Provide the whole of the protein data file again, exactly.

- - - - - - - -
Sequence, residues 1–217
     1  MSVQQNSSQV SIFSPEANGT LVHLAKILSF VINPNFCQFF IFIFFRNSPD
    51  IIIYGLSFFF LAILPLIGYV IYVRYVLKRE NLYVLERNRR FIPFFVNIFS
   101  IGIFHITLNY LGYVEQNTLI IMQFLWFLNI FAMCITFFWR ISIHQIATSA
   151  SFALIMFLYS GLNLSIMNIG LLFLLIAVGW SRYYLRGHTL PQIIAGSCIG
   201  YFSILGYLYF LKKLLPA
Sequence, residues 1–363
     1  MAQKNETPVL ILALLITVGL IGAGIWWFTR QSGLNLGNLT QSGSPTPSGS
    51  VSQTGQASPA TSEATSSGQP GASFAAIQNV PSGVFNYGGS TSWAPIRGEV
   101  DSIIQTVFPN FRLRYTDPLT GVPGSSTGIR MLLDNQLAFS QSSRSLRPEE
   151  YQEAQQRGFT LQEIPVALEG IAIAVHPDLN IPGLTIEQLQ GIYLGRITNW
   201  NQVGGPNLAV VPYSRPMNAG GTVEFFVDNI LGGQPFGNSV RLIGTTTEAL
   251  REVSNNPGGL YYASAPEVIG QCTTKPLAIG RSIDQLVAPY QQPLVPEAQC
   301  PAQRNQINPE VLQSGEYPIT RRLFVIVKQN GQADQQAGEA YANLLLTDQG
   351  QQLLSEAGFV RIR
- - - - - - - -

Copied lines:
Sequence, residues 1–217
     1  MSVQQNSSQV SIFSPEANGT LVHLAKILSF VINPNFCQFF IFIFFRNSPD
    51  IIIYGLSFFF LAILPLIGYV IYVRYVLKRE NLYVLERNRR FIPFFVNIFS
   101  IGIFHITLNY LGYVEQNTLI IMQFLWFLNI FAMCITFFWR ISIHQIATSA
   151  SFALIMFLYS GLNLSIMNIG LLFLLIAVGW SRYYLRGHTL PQIIAGSCIG
   201  YFSILGYLYF LKKLLPA
Sequence, residues 1–363
     1  MAQKNETPVL ILALLITVGL IGAGIWWFTR QSGLNLGNLT QSGSPTPSGS
    51  VSQTGQASPA TSEATSSGQP GASFAAIQNV PSGVFNYGGS TSWAPIRGEV
   101  DSIIQTVFPN FRLRYTDPLT GVPGSSTGIR MLLDNQLAFS QSSRSLRPEE
   151  YQEAQQRGFT LQEIPVALEG IAIAVHPDLN IPGLTIEQLQ GIYLGRITNW
   201  NQVGGPNLAV VPYSRPMNAG GTVEFFVDNI LGGQPFGNSV RLIGTTTEAL
   251  REVSNNPGGL YYASAPEVIG QCTTKPLAIG RSIDQLVAPY QQPLVPEAQC
   301  PAQRNQINPE VLQSGEYPIT RRLFVIVKQN GQADQQAGEA YANLLLTDQG
   351  QQLLSEAGFV RIR